In that fall of 1911 Cora and their three children Lloyd 6, Floyd 4, and Clara a babe in arms also caught a Canadian Pacific to Ernfold to find only the dugout to live in.  All that winter of 1911-1912 the team of horses and a cow lived in the outer part of the dugout, while the five family members lived deeper inside.
It was in the spring of 1912, 100 years ago, that Grandpa and Clint built a small unpretentious home for the family’s use for the next several years.
This is a photo of that home a few miles north of Ernfold, Saskatchewan, Canada taken in 1917 when Lloyd was 12, Will was 51, Clara was 6, Cora was 49, and Floyd was 10.  Although I do not know it to be fact I assume Clint took the photo.

Monday, July 9, 2012

CB Radio Craze

It was late in the year of 1975 when my brother Fred developed an interest in CB radios.  While I was visiting him one day he showed me his newly acquired radio equipment, and demonstrated how he could talk to people within a few mile radius of his home.  I thought that was almost miraculous although the telephone would work just as well and reach a lot further.
Soon, I thought I’d like to try this form of communication also.  One Sunday evening Fred brought a small portable unit designed for use in a car to my home.  We attached it to an old lawn mower battery that was kicking around, and began to try various methods of trying to make something work as an antennae.  After an old set of TV rabbit ears had been hooked up, and turned in exactly the right direction we began to hear faint voices.  Fred rushed back to his home, about ten miles from mine, and very faintly we were on the air and talking to each other.  Oh, the wonders of modern technology.
Within a short period of time I had bought my own citizen’s band radio complete with antennae mounted on the roof of my home.  That Midland hooked to a Radio Shack Super something or other could talk all around my county.  Soon I opted for a Moon Raker 4 built by someone I can’t remember now, but it was a beast up on my roof complete with its own attached directional motor and gear assembly called a rotor.  With that I could talk for maybe fifty miles.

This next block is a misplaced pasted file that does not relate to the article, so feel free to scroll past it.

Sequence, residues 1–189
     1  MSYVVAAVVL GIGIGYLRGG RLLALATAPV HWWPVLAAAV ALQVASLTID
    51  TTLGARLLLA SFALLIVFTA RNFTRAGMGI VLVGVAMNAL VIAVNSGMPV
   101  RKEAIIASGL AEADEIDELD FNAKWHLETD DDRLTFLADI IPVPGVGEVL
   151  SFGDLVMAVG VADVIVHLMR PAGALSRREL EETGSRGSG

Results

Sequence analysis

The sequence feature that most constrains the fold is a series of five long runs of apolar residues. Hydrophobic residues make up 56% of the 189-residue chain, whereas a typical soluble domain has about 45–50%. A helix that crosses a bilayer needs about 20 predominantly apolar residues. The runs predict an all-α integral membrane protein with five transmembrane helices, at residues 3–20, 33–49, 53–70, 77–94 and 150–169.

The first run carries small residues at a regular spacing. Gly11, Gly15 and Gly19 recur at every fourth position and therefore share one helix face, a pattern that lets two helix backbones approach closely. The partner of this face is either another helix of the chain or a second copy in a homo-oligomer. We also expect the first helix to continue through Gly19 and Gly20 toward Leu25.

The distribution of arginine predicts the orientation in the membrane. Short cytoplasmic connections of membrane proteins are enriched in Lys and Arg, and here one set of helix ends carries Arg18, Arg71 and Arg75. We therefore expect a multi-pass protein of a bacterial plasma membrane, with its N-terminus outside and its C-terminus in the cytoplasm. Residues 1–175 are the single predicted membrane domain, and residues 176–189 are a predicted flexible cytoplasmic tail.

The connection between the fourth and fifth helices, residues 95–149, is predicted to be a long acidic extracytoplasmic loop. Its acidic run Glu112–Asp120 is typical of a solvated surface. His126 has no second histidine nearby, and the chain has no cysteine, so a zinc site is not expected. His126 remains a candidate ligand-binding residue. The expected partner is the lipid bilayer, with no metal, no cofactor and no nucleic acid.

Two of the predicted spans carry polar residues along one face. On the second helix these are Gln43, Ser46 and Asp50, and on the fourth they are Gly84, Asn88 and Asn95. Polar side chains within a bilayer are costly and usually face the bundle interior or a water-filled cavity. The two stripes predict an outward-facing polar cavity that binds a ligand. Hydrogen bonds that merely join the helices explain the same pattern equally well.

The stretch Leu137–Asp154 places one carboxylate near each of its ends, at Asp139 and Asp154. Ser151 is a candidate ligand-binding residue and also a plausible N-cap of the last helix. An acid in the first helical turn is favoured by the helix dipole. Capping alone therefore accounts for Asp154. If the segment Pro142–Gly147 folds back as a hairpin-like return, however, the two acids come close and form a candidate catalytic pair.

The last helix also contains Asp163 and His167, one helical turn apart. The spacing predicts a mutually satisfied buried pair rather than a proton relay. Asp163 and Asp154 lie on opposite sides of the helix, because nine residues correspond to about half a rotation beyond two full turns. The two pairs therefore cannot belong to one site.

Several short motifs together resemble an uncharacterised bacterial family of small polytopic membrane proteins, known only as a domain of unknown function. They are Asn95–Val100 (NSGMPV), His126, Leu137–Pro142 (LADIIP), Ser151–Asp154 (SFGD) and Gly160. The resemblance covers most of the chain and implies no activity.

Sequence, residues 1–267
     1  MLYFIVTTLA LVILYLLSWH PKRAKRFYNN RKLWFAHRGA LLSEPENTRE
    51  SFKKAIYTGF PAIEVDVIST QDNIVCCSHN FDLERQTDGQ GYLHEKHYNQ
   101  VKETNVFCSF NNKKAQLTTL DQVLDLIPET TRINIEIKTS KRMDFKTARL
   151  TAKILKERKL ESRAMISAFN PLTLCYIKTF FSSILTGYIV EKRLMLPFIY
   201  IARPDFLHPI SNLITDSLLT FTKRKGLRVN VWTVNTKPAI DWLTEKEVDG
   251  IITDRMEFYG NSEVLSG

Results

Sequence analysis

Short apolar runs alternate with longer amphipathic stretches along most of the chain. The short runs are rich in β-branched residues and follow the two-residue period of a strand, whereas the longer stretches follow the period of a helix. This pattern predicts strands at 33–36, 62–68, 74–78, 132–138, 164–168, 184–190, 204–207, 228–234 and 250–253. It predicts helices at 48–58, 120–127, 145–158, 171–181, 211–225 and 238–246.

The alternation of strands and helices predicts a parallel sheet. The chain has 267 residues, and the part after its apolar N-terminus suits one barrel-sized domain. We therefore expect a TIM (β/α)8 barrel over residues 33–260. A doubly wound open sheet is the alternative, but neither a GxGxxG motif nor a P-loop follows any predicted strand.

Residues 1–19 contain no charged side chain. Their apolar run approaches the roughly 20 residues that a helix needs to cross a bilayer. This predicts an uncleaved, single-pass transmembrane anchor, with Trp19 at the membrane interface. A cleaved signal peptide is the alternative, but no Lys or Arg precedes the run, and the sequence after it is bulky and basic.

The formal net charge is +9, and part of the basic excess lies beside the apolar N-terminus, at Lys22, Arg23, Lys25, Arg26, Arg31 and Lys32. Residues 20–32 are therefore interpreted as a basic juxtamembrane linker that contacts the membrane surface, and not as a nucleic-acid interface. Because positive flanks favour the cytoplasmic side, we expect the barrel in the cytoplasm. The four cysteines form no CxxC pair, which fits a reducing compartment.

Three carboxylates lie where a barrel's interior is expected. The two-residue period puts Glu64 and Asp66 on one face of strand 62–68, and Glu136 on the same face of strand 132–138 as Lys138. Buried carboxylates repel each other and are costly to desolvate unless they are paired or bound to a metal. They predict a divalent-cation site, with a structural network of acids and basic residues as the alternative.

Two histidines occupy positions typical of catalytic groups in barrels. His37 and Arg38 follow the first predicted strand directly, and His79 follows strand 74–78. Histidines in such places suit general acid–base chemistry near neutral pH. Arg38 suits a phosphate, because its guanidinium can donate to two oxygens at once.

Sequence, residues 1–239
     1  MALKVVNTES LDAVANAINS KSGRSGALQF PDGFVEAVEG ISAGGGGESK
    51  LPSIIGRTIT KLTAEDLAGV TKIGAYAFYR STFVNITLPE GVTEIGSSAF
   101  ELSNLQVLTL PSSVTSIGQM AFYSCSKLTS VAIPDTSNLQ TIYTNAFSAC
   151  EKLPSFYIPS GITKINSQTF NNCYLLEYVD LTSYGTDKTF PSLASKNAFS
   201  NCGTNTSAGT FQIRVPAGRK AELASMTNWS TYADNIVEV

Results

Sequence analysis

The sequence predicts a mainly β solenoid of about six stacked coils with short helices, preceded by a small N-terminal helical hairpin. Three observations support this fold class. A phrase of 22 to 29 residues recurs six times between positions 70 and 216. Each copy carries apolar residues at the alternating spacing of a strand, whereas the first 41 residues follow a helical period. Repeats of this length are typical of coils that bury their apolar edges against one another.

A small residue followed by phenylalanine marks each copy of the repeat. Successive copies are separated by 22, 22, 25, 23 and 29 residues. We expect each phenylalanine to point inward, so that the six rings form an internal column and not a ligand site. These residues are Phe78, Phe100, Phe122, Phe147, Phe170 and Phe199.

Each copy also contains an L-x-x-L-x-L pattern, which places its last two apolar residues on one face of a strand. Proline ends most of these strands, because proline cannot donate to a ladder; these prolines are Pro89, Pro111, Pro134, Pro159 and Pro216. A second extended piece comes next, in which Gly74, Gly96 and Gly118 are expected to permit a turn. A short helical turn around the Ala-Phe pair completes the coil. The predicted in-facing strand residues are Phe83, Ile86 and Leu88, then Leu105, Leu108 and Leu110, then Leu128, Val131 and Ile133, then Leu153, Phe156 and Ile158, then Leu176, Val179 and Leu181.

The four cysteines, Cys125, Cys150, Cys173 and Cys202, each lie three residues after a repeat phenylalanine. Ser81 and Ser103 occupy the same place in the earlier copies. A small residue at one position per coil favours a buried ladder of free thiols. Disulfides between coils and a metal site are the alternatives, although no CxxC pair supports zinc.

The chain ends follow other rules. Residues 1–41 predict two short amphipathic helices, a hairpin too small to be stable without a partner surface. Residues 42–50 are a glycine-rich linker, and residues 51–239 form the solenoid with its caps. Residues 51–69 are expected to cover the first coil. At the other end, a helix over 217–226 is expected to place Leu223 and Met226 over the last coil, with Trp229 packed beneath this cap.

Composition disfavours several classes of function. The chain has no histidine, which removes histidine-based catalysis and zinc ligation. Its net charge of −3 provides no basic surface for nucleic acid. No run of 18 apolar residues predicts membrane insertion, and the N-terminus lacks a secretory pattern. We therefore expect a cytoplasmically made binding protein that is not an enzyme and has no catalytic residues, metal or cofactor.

Within a short period of additional time I had attached a bit more power to the original 4 watts.  Let me assure you 4 watts multiplied by 100 will allow you to talk a lot further than you may have expected.
Within a few years though millions of people bought rigs, and with all of them alking at once it became almost impossible to contact your next door neighbor, much less anyone further away, so I sold out my equipment and left the fold of adventurous CB’ers.

Wednesday, July 4, 2012

The Northern New York Pulpit Rock

It’s not easy to get to the small hamlet of Oxbow.  The fact is it’s hard to find on a map, but if you search hard enough in the northern part of Jefferson County, right near the border of St. Lawrence County it is possible to locate.  That though is only the beginning.  After finding it on a map it is not easy to get there.  It’s sort of one of those places that you just can’t seem to get to from where you are.  No matter where you are.
However, with enough sheer determination it is reachable.  Once you get there you’ll have to do some mind searching to determine why you wanted to go there in the first place.  Oh yes, that’s where one can leave town on the Pulpit Rock Road.  Why would you want to do that?  Of course, so you can see the world famous Pulpit Rock formation which is about ½ mile out of town.
I guess those pioneers sat on the rocks, but I’m not sure.  I wasn’t there.